Classic picnic foods include great British bakes of sandwiches, scotch eggs, and sausage rolls, but one of the main centrepieces for a picnic is a ‘picnic pie’. The name is self explanatory, this is a decadent pie that is to be enjoyed at a picnic. It’s a classic pie dish, usually having a shortcrust pasty base due to it’s solid structure, avoiding any crumbling/wreckage whilst travelling to your desired picnic location!

The filling options for your picnic pie are endless! From classic chicken and leek; steak and ale, and coronation chicken, to vegetarian options of spinach, dark greens and even Pilau! It’s important to note that many picnic pies have distinctive layers in between fillings.

How do you make layers in a picnic pie?

Coronation Chicken Hand Pies

The construction of layers requires the most attention when making your picnic pie. We recommend having all the layers ready and cool enough to assemble inside the pastry case. Try using a loose-bottomed spring form cake tin, as the pastry won’t stick to the tin and you can easily lift of the pie to serve without wrecking the pastry!

Your first layer should be the strongest of the layers, preferably one that has a low water content, such as potatoes, beef and peppers. You can then start adding your ‘lighter’ ingredients, such as spinach, cheese or mushroom. You can then repeat the process until you have nice, visible layers. Try using colourful ingredients to make the layers really stand out and impress your guests!

How to make a layered vegetable picnic pie

We made a showstopping layered vegetable pie, perfect for a picnic! The layers consist of butternut squash, aubergine, onions, red peppers, spinach and crumbly feta. Once compressed and assembled together, the layers are incredibly vivid – representing the beautiful colours of Springtime.

Making shortcrust pastry:

  1. You can either do this by hand or with a food processor.
  2. By hand, simply measure out the plain flour into a large bowl and add a generous pinch of salt. Then add the cold, cubed butter and use your fingertips to rub the butter into the flour. Keep doing this until no large lumps of butter remain and the mixture resembles fine breadcrumbs.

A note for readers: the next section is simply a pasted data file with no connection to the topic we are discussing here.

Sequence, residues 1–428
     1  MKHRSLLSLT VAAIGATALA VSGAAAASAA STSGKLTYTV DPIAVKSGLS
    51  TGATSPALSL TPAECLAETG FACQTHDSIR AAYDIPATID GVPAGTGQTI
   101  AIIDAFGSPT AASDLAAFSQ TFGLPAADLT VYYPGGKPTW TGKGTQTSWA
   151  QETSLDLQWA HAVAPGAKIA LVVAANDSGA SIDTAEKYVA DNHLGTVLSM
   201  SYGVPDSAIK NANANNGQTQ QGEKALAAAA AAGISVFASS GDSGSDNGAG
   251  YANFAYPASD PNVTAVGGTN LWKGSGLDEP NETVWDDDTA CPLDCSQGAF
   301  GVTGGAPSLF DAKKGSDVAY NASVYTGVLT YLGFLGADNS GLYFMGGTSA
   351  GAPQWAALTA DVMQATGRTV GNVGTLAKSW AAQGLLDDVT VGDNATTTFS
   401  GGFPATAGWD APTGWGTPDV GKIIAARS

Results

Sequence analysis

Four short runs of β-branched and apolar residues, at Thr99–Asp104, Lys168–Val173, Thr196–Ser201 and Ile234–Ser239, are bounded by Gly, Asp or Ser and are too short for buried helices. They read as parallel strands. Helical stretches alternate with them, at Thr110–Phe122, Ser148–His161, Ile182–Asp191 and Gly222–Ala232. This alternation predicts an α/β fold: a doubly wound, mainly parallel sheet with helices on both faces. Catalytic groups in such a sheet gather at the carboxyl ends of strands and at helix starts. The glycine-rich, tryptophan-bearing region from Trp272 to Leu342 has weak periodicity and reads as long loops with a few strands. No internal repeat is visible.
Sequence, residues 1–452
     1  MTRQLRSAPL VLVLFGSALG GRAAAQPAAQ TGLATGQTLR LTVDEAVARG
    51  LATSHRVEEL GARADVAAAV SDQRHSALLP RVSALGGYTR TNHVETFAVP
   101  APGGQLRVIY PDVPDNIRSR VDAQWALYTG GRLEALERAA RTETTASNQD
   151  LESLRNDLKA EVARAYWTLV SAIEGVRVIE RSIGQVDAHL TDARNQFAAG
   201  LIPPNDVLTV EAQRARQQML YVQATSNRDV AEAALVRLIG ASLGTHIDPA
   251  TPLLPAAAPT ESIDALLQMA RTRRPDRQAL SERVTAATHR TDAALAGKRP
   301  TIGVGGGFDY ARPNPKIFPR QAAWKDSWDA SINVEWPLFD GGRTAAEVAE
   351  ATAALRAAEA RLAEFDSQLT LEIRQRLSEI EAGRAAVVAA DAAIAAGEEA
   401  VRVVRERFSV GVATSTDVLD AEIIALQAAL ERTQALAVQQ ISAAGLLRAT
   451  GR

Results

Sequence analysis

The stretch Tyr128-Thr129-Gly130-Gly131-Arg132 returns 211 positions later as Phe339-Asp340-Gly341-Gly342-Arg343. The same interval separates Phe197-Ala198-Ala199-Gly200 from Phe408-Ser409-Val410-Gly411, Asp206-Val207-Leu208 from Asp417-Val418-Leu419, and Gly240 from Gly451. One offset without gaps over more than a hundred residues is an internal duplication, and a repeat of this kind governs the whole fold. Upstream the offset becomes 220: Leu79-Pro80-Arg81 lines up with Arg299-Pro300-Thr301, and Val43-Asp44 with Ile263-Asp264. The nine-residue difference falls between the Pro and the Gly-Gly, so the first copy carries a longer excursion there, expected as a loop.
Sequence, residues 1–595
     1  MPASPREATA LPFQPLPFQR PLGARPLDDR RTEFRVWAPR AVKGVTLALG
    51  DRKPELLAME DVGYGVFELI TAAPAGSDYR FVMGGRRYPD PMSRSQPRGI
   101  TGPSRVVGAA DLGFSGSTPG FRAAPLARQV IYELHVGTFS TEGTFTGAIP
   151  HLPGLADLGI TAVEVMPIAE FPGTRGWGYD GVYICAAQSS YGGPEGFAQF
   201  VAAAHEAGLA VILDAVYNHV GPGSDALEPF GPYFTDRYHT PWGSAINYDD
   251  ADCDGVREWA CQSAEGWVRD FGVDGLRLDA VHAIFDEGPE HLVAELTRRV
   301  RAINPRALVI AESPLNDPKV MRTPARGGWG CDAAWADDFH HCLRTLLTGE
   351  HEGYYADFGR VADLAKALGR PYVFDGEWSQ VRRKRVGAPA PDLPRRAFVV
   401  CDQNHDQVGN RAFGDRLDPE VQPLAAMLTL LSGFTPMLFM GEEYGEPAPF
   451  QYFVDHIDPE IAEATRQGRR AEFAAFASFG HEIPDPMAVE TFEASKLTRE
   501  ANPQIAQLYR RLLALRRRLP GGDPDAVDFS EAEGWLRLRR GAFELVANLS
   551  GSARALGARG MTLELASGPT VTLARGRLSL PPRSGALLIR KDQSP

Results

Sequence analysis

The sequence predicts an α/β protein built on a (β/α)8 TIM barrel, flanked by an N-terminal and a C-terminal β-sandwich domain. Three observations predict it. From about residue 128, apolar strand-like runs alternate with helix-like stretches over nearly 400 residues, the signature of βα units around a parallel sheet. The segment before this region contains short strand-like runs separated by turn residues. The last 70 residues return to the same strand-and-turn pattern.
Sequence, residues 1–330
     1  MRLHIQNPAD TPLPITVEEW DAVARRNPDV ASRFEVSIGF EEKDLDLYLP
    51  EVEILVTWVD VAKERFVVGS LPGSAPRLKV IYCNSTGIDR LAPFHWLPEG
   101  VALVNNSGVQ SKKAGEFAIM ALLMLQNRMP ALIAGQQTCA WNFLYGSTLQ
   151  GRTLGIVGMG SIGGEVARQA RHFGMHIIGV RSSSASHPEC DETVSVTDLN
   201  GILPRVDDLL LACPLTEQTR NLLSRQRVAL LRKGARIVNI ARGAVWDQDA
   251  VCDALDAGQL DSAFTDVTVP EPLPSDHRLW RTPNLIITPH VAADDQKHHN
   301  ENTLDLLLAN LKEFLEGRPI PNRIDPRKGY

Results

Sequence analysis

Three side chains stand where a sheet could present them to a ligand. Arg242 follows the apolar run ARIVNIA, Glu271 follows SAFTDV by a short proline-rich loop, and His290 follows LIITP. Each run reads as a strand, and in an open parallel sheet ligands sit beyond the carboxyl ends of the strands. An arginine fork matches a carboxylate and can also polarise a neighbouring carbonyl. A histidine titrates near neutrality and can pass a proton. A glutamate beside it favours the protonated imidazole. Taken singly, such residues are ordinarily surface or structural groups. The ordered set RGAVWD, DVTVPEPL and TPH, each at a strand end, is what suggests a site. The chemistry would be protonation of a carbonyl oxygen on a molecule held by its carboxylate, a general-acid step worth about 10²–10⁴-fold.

3. Add 1 beaten egg to the mix and use a metal knife to cut this through, then use your hands to gently bind the pastry together.
  4. When it has come together as a ball simply tip onto your surface and knead very briefly so the pastry is smooth.
  5. Flatten the ball into a disc shape and then cover in clingfilm and rest in the fridge (for at least 30 minutes) while you make the fillings.

Making the fillings for your pie:

  1. Preheat the oven to 180c.
  2. Peel the butternut squash and then cut into small cubes. Arrange them on a single layer in a baking tray and drizzle with olive oil, cumin seeds and a good pinch of Maldon Sea Salt flakes and some cracked black pepper. Place the butternut squash into the oven and roast for 20 – 30 minutes until the squash is soft and starting to caramelize. Remove from the oven and set aside to cool.
  3. While the butternut squash is cooking you can also prepare the aubergine. Thinly slice both aubergine and lay them across a couple of baking trays in single layers. Drizzle with olive oil, Maldon Sea Salt flakes and then place into the oven for roughly 10 minutes on each side until they are collapsed and slightly charred on each side. Remove from the oven and set aside to cool.
  4. For the caramelised red onions, finely slice all three onions. Heat a large frying pan on a medium low heat and drizzle in a generous amount of olive oil. Add the sliced red onions and fry gently for 10 minutes until softened. Add the crushed garlic and continue to fry for 5 minutes until everything has become soft, jammy, and caramelised. Remove the pan from the heat and allow the onions to cool.
  5. This would be a good stage to line the cake tin with your pastry.

Lining a cake tin for your pastry crust:

  1. Take out the chilled pastry and cut it into 2 pieces, one 2/3 and the other 1/3.
  2. Lightly flour your work surface and then roll out the bigger piece of the pastry first, into a large circle approximately 1cm thick.
  3. Take a 23cm cake tin and carefully lift the large pastry circle and drape into the cake tin. Then press into the base and up the sides, leaving an overhang of pastry over the edges of the cake tin. If your pastry tears or rips at any stage don’t worry, just use your fingers to carefully press the pastry hole together again. Set this in the fridge.